‘It’s my calling’

Muncy math teacher spread postivity and encouragement

KAREN VIBERT-KENNEDY Elizabeth McClure teaches during a science class in her classroom at Ward L. Myers Elementary School in Muncy.

MUNCY — If positivity ruled the world, Elizabeth McClure, a sixth grade math and science teacher at Ward L. Myers Elementary School, would be its queen, in the best way possible.

Walking into her room, what catches your eye, amidst the science posters, are words of encouragement. Sayings like “dream big, sparkle more,” “throw kindness around like confetti” and “kind people are my kind of people,” hang on the walls next to a nod to math — “a piece of pi 3.1415.”

“My day involves doing the best I can to encourage my kids to feel loved and number one, to be good citizens when they leave this room. That’s my number one mission,” McClure said.

“They walk in and I have standards and goals that I need to meet. I do my darndest to meet them but I have to make sure they’re in a good place before we can even start those goals and missions,” she said. “I don’t know where they were the night before or what they had in the morning, I just want to be a light to them.”

McClure, who grew up in Greensburg, outside of Pittsburgh, credits her sixth-grade teacher with being the one who gave her the tools to be successful in high school.

She shared that when she was younger, she had a reading disability, which required that she go to a reading specialist.

“He (the teacher) worked with the reading teacher and gave my parents a lot of positive encouragement. I was really struggling and then he led me to the right direction in my middle school years so that I could be more successful in high school,” she said.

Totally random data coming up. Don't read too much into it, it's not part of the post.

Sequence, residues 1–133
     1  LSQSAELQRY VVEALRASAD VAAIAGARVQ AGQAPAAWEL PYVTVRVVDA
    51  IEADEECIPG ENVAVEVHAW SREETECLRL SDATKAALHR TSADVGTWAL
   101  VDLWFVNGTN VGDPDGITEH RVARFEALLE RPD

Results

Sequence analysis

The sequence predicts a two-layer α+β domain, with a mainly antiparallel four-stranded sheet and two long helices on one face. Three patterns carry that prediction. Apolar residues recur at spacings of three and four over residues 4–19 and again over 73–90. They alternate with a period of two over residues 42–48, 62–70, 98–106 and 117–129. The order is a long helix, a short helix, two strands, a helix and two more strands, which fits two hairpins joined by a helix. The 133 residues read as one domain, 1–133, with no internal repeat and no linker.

The influence of an aunt in Virginia, who was an educator, was a factor in her choice of a career. But, McClure admits that her reading disability was the major reason she became a teacher. She went to college and got her bachelor’s degree in teaching and then went on to get her master’s degree as a reading specialist.

“I felt like I was mastering my disability,” she admitted.

“I love reading, but I truly feel that my calling is math. I just love math. I love teaching math. I love algebra and pre-algebra and teaching the kids how to love math when they struggle,” she said.

Because her students are in their final year at the elementary level, McClure feels that they need to be leaders for the lower grades. Part of accomplishing that is working with the guidance counselor as a co-advisors for the student council.

“I think it’s always positive for them to be a light to the little ones. Even if they’re not on student council. I’ve always had the learning support students in my class, and we’ve always matched them up with my higher-ed kids. The amount of compassion that our kids have here in Muncy is just phenomenal,” she said.

“I have a little boy in a sling and one of the girls, without thinking, saw that he needed a drink. She took the cap off his water bottle and then she put the lid back on. I just kept on teaching. That’s what you want to teach them. That’s the good stuff to me,” she said.

McClure’s science block on this particular day was learning about genus and species of animals. The students had seen a short video, read in books, highlighted words, among other things.

“They love animals, so I found an article about domesticated and wild cats — super cute pictures,” she said. “They had to read the articles, list the genus and species of the animals, writing in italics and practicing writing the genus and species and listing two interesting facts from the article about each cat. They had to get on Google classroom, so they’re using technology to read the article.”

Although she is a newer hire, as she puts it, the curriculum at the school has changed twice during her tenure. As education has become more standard-based, a common complaint is that it’s geared to the test.

“Everybody talks about things geared toward to the test. I truly feel as if here I am included in on that. I think that’s valuable and important,” she said. “I don’t feel a lot of pressure to teach to the test. I feel like I teach my kids and that aligns with the test and my kids benefit from that. It just happens that they do well on the test.”

Although McClure has had some health problems and has gone through what she said was some “tough stuff,” teaching has been the constant in her life.

“It’s my calling, it’s what I love, it’s my purpose,” she said.


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